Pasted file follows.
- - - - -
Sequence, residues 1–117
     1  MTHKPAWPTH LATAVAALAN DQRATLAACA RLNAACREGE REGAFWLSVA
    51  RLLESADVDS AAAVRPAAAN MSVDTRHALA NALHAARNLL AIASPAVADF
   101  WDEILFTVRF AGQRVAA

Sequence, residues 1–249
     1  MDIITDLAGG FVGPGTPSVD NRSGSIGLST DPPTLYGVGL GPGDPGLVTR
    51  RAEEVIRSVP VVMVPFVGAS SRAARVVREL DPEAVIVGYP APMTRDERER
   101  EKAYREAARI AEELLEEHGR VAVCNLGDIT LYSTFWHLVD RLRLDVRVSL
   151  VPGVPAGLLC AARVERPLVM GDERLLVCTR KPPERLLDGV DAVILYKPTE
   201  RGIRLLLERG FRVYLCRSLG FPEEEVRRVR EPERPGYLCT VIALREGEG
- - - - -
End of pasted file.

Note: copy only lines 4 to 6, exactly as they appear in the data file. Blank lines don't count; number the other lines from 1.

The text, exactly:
   101  WDEILFTVRF AGQRVAA

Sequence, residues 1–249
     1  MDIITDLAGG FVGPGTPSVD NRSGSIGLST DPPTLYGVGL GPGDPGLVTR